Coronavirus update: 2 minutes on banks and inflation

14 May 2020

Jim McCormickGlobal Head of Desk Strategy

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Short on time? Jim McCormick shortlists the key points around why today’s healthy banking system could mean a promising outlook for the coronavirus crisis recovery. 

In this crisis, banks are part of the solution — not the problem

Two themes that were front and centre in the past few weeks  were the banking sector and inflation. One thing I have said since the start of this crisis is the relative healthiness of banks is a key difference today compared with the 2008 Global Financial Crisis and 2011/12 Eurozone debt crisis.

In these last two crises, banks were a big part of the problem. They were ill-prepared and undercapitalised and were a key blockage to any recovery. Today, banks are much healthier and policymakers are looking to the banking system to be part of the solution. Both of these factors have been on display recently.

With healthy banks an economic recovery is more likely to take hold

The European Union’s latest financial package should provide significant relief to banks from a capital perspective. Encouragingly, both actual Euro Area bank lending and bank lending intentions suggest banks are prepared to provide credit despite the very difficult economic conditions.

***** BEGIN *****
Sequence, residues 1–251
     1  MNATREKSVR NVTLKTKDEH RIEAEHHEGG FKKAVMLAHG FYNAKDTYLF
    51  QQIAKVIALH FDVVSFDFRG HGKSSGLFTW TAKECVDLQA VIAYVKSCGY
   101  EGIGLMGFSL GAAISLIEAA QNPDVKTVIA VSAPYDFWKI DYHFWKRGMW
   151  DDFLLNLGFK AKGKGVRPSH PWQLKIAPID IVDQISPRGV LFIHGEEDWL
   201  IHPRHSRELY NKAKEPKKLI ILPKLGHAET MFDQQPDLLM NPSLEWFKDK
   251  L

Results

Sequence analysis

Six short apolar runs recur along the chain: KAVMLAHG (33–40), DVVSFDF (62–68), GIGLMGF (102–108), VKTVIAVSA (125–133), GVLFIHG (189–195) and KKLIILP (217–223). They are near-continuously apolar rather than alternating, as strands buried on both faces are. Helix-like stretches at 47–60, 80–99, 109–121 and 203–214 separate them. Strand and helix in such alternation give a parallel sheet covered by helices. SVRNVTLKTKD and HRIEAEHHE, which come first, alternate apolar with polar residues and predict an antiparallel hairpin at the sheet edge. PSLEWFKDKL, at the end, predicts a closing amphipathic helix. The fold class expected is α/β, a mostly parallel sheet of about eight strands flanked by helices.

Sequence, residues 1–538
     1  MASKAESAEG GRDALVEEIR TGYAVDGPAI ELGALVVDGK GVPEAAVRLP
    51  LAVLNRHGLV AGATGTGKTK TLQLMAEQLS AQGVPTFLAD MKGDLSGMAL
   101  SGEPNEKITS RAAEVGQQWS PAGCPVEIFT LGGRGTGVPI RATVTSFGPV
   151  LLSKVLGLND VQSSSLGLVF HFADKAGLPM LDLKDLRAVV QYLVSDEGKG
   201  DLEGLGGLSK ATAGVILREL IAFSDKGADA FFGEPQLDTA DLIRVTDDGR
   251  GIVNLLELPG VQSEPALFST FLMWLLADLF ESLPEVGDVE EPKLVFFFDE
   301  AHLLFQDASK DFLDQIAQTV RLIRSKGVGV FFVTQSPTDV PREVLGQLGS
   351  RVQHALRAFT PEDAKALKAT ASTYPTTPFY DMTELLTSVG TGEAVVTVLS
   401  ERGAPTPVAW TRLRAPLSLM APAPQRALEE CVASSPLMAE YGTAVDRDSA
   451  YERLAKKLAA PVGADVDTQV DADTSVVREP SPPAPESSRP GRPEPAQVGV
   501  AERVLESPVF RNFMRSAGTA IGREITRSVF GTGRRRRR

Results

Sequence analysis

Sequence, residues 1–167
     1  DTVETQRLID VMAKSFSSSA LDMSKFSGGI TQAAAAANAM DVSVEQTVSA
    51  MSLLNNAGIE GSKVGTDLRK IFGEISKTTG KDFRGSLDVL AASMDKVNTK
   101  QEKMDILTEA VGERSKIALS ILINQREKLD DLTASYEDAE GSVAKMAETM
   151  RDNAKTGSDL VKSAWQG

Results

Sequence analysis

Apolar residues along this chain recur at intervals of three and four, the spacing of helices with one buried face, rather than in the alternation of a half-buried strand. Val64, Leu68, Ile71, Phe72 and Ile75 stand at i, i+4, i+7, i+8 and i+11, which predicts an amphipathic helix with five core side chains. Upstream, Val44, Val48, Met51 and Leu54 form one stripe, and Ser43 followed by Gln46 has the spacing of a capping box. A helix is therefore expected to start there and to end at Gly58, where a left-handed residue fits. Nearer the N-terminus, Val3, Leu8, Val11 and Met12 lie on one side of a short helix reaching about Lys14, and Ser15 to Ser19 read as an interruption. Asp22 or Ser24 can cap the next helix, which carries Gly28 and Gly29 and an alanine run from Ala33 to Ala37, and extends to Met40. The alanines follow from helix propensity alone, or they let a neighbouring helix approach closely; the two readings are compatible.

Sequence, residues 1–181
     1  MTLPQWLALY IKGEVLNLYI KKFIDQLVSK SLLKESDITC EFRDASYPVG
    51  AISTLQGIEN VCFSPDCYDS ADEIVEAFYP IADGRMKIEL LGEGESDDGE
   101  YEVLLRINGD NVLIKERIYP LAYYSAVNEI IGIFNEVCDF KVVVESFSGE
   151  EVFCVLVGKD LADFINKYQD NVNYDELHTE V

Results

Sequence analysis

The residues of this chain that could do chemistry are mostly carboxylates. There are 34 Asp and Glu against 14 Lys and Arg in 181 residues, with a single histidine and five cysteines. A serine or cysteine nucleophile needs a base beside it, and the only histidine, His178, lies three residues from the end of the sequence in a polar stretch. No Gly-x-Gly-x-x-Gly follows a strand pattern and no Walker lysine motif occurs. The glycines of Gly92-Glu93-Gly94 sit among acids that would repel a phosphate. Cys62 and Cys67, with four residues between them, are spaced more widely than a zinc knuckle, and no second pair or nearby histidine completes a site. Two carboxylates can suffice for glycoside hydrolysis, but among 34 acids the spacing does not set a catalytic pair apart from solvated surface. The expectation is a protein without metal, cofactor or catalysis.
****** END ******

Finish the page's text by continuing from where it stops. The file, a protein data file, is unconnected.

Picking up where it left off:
Beyond what this means for bank assets (it is good), the healthiness of banks provides a stronger case for the economic recovery to eventually take hold.      

Healthy banks also make a stronger case for upside risks to inflation

While higher food prices helped boost April inflation in Australia, the Euro Area and to a lesser degree the US, the near-term outlook for inflation remains bearish. Further out, the picture is less clear, although I’d suggest there are three clear reasons not to be complacent about upside risks.

Three clear reasons not to be complacent about inflation upside risk

  • The first is the size of the policy response. It is massive, and will not be unwound quickly.
  • The second is the potential size of the supply shock. The impact of the crisis on globalisation, localisation of supply chains and possibly even basic supply issues for the likes of air travel and restaurants could be huge.
  • A third inflation risk is the banking sector. In the wake massive monetary policy response after the 2008 Global Financial Crisis, many called for a surge in inflation. It didn’t happen. While there are probably many reasons for this, the blockage in the banking system likely played a big part. This is far less of a problem today.
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